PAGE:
FRESH YARN presents:

In Defense of Hanukkah
by Barbara Rushkoff

I used to feel ripped off around Christmas when I was a kid. Sure, at Hanukkah time we got presents but we didn't have anything cool like Santa Claus or candy canes or drunken parties where people go home with strangers and see their underpants. They had trees; we had plastic menorahs. They had gingerbread houses; we had chocolate coins in mesh bags. They had roasted meats and we had greasy potato pancakes. Well, we sort of win on that one.

As I got older, though, I took a new stance and that was "Christmas is so commercial and Hanukkah keeps it real." I was now a Proud Jew and wasn't afraid to show it. So instead of caving into people decorating my desk in synthetic garlands or cut out pictures of over-excited reindeer, I got all Whitney on everybody, did a neck ring and proclaimed that I don't celebrate Christmas. Sure I was usually the only person (Jews included) who shunned the merry decorations but that made me a rebel. Just like the Maccabees, the heroes of Hanukkah!

Now don't call me a hater. I don't hate Christmas at all. In fact there are many things I love about it: that TV special where the elf wants to be a dentist, egg nog, free cookie platters at work and the pretty, pretty lights and the insane way people embellish their houses (ain't nothing better than that.) I love decorating Christmas trees and watching holiday movies where Rosemary Clooney sings and I especially love the I Love Lucy marathon they run every Christmas day just as I'm about to kill myself because they are running It's A Wonderful Life yet again. I just get a little angry that Hanukkah doesn't have all that schmaltz. Where's our TV special? Where's our Bing Crosby movie? Why aren't elves Jewish? (Dentists are!)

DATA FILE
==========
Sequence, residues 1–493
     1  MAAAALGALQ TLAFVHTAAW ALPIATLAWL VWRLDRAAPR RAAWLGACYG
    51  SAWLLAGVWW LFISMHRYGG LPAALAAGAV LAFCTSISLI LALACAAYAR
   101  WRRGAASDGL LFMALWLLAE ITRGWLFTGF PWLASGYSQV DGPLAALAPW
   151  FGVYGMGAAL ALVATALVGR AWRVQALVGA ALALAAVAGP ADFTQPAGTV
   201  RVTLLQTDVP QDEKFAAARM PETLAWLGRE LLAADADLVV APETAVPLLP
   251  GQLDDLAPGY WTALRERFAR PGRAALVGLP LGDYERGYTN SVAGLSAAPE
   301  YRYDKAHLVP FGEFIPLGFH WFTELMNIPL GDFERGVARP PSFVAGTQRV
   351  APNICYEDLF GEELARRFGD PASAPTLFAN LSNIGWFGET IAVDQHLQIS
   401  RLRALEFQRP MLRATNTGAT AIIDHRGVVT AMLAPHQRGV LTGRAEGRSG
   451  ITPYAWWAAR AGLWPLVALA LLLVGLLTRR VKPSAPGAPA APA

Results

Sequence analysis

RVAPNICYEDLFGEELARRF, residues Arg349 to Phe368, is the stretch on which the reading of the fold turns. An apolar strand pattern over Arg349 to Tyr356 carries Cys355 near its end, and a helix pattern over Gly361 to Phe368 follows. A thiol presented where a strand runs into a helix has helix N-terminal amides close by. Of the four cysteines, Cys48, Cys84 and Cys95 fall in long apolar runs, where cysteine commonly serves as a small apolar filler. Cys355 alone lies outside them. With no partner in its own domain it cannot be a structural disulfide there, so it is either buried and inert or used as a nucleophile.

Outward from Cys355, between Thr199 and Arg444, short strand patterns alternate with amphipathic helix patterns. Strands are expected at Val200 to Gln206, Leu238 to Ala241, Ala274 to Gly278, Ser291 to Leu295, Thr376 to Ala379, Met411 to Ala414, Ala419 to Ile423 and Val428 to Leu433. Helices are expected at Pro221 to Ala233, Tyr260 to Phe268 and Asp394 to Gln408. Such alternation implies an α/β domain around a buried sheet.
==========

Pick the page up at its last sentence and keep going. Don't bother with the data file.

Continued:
Then I realized that we have something better. We have fire. Think about it. The whole shpiel of Hanukkah is lighting the menorah to commemorate the miracle of the lamp oil that lasted for eight days (whatever.) Little kids like myself were handed matches and told to light the candles. I remember standing mesmerized in front of the flames as my mother and father gave us our nightly presents. It felt so dangerous. And in my book, just like rock beats scissors, danger beats tinsel.

I think of this as I gaze at the Empire State Building in all its green and red glory (it's white and blue for only one day in December). It used to make me mad but now I just think of Hanukkah and fire and I feel, well, I feel like a big Jew. And I like it.


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